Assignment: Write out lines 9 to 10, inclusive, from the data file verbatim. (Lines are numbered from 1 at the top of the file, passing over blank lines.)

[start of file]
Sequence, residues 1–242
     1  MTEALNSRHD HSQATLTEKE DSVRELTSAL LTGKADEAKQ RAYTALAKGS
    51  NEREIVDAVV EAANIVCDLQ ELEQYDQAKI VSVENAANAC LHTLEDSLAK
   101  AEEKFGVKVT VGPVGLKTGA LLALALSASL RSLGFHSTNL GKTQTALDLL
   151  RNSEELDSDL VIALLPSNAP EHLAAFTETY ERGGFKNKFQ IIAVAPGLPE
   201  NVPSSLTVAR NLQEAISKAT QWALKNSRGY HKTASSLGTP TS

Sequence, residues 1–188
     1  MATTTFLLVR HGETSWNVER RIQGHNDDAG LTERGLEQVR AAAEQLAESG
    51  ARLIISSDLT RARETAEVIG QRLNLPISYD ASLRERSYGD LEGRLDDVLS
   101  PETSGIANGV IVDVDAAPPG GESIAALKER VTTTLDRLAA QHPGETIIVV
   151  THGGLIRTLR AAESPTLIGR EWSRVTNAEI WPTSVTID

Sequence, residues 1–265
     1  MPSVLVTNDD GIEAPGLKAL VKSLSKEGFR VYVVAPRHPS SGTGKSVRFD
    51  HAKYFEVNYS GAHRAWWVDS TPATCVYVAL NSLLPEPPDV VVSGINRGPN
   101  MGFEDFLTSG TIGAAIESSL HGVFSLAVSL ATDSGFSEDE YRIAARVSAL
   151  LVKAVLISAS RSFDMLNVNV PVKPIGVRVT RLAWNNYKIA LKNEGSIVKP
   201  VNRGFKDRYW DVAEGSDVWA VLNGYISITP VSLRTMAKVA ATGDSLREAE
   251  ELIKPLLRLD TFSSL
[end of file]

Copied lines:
    51  ARLIISSDLT RARETAEVIG QRLNLPISYD ASLRERSYGD LEGRLDDVLS
   101  PETSGIANGV IVDVDAAPPG GESIAALKER VTTTLDRLAA QHPGETIIVV